Reasons why you and your baby/child need to visit the doctor
Once you give birth to your baby for the first time, you have automatically chosen one of the most important people in your little one’s early life…that’s your prenatal doctor.
You and your baby will most probably visit the doctor more often during the first year than at any other time.
This simply means that you have to forge a relationship with your baby’s doctor that should last through the bumps, bruises, and midnight fevers to come.
Although the first visit differ from doctor to doctor, but you can probably expect:
- A complete physical examination of your newborn
- Measurement of weight, length, and head circumference to assess how your baby’s been doing since birth
- Advice on what you can expect in the coming month
- Observation of your newborn’s vision, hearing, and reflexes
- Questions about how you’re doing with the new baby and how your baby is eating and sleeping
- And so on….
You know that babies are born with some natural immunity against infectious diseases because their mothers’ infection-preventing antibodies are passed to them through the umbilical cord.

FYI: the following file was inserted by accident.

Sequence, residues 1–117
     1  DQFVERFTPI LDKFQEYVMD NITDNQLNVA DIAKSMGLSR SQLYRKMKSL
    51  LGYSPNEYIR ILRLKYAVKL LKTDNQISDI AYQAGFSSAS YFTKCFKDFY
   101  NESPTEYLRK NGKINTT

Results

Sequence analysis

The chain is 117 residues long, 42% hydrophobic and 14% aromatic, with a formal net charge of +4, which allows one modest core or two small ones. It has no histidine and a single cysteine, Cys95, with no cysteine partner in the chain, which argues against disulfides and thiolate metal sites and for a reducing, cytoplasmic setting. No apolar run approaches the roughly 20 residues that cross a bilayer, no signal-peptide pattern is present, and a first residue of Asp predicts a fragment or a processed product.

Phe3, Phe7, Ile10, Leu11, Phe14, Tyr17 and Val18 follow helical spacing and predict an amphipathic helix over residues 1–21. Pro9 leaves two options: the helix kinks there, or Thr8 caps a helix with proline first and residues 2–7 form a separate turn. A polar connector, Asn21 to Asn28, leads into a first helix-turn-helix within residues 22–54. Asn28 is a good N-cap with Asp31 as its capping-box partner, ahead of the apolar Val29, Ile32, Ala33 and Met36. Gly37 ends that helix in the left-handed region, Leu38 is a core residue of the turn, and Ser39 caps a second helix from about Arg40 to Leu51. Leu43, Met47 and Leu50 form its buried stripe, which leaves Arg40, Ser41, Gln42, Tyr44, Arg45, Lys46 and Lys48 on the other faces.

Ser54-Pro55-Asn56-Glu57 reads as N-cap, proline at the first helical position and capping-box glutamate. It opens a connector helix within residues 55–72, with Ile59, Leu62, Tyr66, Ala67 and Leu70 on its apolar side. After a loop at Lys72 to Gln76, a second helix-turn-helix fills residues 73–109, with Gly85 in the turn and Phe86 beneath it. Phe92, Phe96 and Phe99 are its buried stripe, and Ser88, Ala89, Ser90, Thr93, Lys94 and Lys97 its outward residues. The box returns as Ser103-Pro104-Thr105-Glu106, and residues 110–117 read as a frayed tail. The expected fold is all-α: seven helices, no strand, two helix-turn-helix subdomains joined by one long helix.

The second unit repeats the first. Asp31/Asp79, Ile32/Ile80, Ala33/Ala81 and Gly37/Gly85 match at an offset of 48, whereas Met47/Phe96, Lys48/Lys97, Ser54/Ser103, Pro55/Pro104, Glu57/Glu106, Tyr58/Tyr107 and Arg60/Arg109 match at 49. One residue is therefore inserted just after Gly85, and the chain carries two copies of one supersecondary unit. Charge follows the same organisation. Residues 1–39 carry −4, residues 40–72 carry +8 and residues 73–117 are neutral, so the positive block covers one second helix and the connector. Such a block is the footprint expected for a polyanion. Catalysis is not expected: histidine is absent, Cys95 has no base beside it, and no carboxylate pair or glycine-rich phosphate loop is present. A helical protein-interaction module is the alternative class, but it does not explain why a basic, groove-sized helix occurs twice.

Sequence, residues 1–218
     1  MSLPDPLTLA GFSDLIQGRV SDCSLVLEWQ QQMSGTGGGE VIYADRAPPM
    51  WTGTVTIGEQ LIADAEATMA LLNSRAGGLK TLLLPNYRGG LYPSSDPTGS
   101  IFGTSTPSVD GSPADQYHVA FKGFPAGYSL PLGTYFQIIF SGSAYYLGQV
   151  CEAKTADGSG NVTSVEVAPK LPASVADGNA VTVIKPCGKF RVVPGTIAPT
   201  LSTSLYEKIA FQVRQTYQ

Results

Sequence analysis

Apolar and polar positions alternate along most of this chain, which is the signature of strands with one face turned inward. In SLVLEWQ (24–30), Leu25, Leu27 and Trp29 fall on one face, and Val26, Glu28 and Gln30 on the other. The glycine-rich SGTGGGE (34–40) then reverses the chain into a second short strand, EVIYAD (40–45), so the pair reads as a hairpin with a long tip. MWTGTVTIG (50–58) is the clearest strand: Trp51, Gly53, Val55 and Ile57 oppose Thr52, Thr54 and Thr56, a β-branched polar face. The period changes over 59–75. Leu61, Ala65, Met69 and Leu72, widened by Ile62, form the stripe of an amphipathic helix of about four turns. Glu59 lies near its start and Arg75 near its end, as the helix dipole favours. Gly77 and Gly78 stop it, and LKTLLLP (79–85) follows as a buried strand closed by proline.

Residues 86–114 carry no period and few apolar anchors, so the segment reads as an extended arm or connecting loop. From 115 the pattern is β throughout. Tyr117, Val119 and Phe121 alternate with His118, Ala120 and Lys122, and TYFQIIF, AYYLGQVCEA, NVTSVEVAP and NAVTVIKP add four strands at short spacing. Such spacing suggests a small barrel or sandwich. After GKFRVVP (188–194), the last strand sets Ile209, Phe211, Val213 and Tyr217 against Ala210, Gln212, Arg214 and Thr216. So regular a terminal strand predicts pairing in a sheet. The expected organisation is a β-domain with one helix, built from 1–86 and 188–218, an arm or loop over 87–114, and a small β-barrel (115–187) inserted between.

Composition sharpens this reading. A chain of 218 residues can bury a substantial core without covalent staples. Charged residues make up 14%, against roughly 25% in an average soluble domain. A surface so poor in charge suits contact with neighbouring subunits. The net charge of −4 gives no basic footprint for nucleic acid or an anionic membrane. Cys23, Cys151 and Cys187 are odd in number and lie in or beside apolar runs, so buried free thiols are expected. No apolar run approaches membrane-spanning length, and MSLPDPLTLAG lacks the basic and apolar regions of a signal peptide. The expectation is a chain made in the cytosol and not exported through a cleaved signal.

However, such immunity is only temporary, because babies will naturally develop their own immunity against many infectious diseases.
Immediately after birth, one of the 24-hour interval vaccines that should be administered to your newborn is the hepatitis B vaccine.
Regular checkups are important for keeping kids healthy and up to date on immunization against many serious childhood diseases.
Checkups also are a chance for you and the doctor to talk about developmental and safety issues, and for you to get answers to any questions about your child’s overall health. As kids grow, they can also ask their own questions about their health and changing body.
Such exposure to what you need to know about your child from the doctor will help understand the different vaccines that are necessary for your child’s health.
- Hip vaccine
- Measles, Mumps and Rubella (MMR) vaccine
- Diphtheria, tetanus and pertussis (DTaP) vaccine
- Chickenpox (varicella) vaccine
- Pneumococcal conjugate vaccine (PCV, PPSV)
- Inactivated poliovirus vaccine (IPV)
- Meningococcal vaccine
- And so on….
You would equally be educated on when your child should be administered any of the aforementioned vaccines.